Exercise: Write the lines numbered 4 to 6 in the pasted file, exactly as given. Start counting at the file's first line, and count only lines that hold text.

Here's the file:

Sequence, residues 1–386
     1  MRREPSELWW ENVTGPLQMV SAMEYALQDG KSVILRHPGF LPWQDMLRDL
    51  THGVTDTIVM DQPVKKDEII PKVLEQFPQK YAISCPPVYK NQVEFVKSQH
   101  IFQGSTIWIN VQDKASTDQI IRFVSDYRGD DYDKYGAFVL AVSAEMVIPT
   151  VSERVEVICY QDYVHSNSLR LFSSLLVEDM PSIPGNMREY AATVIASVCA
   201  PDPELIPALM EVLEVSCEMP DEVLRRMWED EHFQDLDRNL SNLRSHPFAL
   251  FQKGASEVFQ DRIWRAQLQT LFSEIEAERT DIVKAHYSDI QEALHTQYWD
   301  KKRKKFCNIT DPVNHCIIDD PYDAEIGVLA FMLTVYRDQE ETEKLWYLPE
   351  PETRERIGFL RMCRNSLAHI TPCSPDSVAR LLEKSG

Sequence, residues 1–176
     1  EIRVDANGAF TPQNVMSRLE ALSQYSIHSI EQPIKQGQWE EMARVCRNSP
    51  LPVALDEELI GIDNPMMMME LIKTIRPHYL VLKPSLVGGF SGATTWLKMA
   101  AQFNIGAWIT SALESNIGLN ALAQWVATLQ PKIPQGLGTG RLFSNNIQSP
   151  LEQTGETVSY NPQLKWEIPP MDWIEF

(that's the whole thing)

   101  IFQGSTIWIN VQDKASTDQI IRFVSDYRGD DYDKYGAFVL AVSAEMVIPT
   151  VSERVEVICY QDYVHSNSLR LFSSLLVEDM PSIPGNMREY AATVIASVCA
   201  PDPELIPALM EVLEVSCEMP DEVLRRMWED EHFQDLDRNL SNLRSHPFAL